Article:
Life hacks from David: Part Three
A Scripture study from Caring, part three of four.
Read part two here.
Life is tough—for everyone. This month, we’re going to get a little help—some life hacks—from the Bible’s David, the Old Testament shepherd, musician, poet, warrior, King, adulterer, liar, murderer and man after God’s own heart. We’ll see that God is not uninterested in our tough lives. Rather, he wants to be right in the middle of the assignments we accept, the foes we fight, the mistakes we make and the legacies we leave.
When We Fail Miserably
Our Redemption is the Lord’s Specialty (2 Samuel 11-12, Psalm 51)
Behind the scenes
After David was chosen to be Israel’s next king (see part one) and had defeated Goliath (see part two), he gained in popularity with the people—so much so that King Saul was not pleased. He grew extremely jealous of David and sought to kill him. David avoided Saul’s spear more than once. David passed on at least two opportunities to take Saul’s life. Eventually, Saul died at the end of 1 Samuel (and at the end of his own sword) and David became king in the fifth chapter of 2 Samuel. This week, we find him in his palace.
Beyond the surface
In the first two weeks of this study, we discovered that David, on more than one occasion, was in the right place at the right time, doing what he was supposed to be doing (tending sheep in 1 Samuel 16 and bringing food to his brothers on the front lines in 1 Samuel 17). In light of this:
o Read what Scripture says in 2 Samuel 11:1-5.
o What strikes you about the first verse of this chapter?
o Considering your own life, have mistakes or bad things happened when you weren’t in the right place at the right time, doing what you were supposed to be doing?
o Take a moment to really think about what David did.
Let’s be clear. David and Bathsheba didn’t have an affair. This was not some kind of ongoing soap opera love story that starts distastefully and seems just a little more palatable with each episode. David knew he was in the wrong place at the wrong time. He knew he was watching a woman in a private moment. He knew he should’ve turned away. Later, he knew she was the wife of Uriah. He also knew that he was king, with all the power that accompanied that title. So, he took what wasn’t his. He sent messengers to bring Bathsheba back to him and he slept with her. He got what he wanted, and she got pregnant. The misuse of power to wrongfully obtain what doesn’t yet belong to the one in power is nothing new. It was evil in David’s day in Jerusalem and it is evil in our day where we live. Too many women throughout the years have suffered at the hands of men in authority. Thankfully, Christians and others are working to right this wrong all over the world. We shouldn’t read this misdeed of David’s without considering our part in fighting this injustice wherever it is encountered.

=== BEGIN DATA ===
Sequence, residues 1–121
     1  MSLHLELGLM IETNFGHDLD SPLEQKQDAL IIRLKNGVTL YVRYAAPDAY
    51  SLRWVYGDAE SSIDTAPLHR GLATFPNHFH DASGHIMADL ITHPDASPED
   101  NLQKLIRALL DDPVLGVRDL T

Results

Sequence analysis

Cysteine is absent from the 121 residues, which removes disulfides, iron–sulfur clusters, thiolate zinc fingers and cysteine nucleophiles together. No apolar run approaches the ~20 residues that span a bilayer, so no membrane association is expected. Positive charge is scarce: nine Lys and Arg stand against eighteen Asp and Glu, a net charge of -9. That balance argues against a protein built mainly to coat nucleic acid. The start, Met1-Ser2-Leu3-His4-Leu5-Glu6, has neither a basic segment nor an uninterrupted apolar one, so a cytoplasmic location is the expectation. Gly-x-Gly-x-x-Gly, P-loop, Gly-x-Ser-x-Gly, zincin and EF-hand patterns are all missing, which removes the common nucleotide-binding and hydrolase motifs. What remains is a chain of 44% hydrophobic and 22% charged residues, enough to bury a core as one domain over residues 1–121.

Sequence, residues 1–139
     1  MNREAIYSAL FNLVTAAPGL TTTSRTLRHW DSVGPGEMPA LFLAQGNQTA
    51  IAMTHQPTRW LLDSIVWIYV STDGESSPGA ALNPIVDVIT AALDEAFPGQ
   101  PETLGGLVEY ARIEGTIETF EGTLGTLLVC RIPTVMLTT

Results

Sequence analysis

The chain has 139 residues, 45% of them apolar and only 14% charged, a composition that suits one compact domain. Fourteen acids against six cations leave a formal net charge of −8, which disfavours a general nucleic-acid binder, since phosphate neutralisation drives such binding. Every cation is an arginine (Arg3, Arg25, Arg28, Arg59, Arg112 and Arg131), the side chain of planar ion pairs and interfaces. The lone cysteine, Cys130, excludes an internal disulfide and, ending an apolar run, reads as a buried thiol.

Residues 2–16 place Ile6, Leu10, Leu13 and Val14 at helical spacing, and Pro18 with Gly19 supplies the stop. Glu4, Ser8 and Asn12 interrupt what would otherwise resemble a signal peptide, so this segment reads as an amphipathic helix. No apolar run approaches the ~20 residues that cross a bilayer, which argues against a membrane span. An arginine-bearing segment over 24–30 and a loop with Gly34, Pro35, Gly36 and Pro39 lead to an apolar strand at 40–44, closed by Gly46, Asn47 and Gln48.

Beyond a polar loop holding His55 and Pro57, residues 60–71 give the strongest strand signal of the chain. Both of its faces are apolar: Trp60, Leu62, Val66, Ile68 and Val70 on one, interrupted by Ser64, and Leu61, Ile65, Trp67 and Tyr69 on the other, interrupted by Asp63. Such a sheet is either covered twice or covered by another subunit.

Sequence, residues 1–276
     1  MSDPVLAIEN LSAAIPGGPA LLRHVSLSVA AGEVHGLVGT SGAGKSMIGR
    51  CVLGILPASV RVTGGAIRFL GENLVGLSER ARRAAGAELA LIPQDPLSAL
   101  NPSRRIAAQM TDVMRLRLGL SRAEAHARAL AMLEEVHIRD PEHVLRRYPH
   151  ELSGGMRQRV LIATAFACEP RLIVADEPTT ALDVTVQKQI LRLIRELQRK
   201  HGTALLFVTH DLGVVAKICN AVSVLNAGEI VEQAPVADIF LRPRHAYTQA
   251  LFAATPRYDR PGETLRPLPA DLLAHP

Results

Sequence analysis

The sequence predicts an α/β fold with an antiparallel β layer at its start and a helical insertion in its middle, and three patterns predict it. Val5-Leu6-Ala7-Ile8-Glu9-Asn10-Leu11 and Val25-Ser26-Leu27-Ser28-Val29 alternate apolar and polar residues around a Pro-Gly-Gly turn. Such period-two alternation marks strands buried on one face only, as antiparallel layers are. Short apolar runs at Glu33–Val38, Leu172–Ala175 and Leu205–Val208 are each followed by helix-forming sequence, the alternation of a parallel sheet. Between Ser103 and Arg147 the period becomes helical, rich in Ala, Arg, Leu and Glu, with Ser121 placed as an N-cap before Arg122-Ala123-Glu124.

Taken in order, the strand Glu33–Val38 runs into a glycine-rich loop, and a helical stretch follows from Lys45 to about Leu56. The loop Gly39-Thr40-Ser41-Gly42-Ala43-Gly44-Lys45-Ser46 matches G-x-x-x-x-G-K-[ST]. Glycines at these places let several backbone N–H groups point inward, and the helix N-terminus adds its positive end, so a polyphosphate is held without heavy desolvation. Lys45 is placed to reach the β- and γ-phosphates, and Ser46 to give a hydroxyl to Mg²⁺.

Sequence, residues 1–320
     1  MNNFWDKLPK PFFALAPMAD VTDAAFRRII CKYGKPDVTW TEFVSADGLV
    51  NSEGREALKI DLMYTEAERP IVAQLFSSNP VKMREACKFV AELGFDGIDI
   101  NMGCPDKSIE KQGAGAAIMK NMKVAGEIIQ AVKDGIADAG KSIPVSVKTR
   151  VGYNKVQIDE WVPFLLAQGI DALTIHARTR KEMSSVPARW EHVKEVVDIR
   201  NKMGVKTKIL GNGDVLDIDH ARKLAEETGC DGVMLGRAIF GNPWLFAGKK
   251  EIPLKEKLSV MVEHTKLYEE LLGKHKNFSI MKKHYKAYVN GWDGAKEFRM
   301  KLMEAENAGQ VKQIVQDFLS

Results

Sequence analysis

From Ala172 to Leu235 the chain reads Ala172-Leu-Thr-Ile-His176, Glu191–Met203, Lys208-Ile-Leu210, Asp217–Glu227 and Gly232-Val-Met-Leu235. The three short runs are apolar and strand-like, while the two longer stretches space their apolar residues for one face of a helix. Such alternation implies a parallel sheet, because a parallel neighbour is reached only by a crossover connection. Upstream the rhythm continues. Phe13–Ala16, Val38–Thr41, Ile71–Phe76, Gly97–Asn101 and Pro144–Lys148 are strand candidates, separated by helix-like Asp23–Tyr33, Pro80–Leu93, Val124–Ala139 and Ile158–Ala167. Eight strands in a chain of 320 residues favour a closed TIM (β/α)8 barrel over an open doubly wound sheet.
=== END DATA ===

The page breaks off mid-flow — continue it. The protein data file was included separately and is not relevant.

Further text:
o Read what Scripture says in 2 Samuel 11:6-27.
King David was not only impressed with his power and his authority, but with his smarts. Faced with the gravity of his sin, he avoided confessing it and doubled down by hatching a plot designed to cover up his crime. Well, Uriah not only unwittingly outsmarted the king, but he out-honored him. He did this twice. David—hoping that Uriah would sleep with Bathsheba, letting him off the hook—even got Uriah drunk. Having failed at his sorry attempts at a cover up, David switched gears to murder. He sent Uriah to the front lines, where the fighting was most fierce (where he used to fight) and told his army’s commander to leave Uriah to die. That plan worked. After Bathsheba mourned for her fallen husband, David took her as his wife and she gave birth to a son. While David may have thought that was that, the truth was about to hurt. The Lord, according to 2 Samuel 11:27, was not pleased.
o Read what Scripture says in 2 Samuel 12:1-13.
God sent the prophet Nathan to visit David and tell him a story about a wealthy man who stole sheep from a poor man—just because he could. David was extremely angry and demanded that the rich man be put to death for his crime. I imagine Nathan allowing a dramatic pause to play out before saying, slowly and clearly: You are the man. (2 Sam. 12:7). After that dramatic revelation, Nathan proceeded to tell David about how he would experience his—in the words of the Orson Wells film, The Magnificent Ambersons—“comeuppance.” This resulted in a light going on in David’s heart. Like the prodigal son of Luke 15, the king came to his senses. He said to Nathan: “I have sinned against the Lord” (2 Sam. 12:13). Nathan replied, “The Lord has taken away your sin. You are not going to die.” Which didn’t mean that there wouldn’t be consequences of David’s sins. Reading on in Scripture, we know that there were—severe consequences. It did mean, however, that David was forgiven. And for anyone who has ever sinned (so, all of us) forgiveness is the best. When we fail miserably, and confess, God can really turn things around.
Between the lines
o What happened with David can happen to any of us. Read James 1:13-15 to be reminded of the process of temptation and sin.
o Read 1 John 1:9 to be reminded of what happens when sin is confessed.
o Read Psalm 51, a psalm David wrote after being confronted by Nathan.
o Consider what you will do to guard yourself from committing David’s sins and how you will confront abuses of authority like his.
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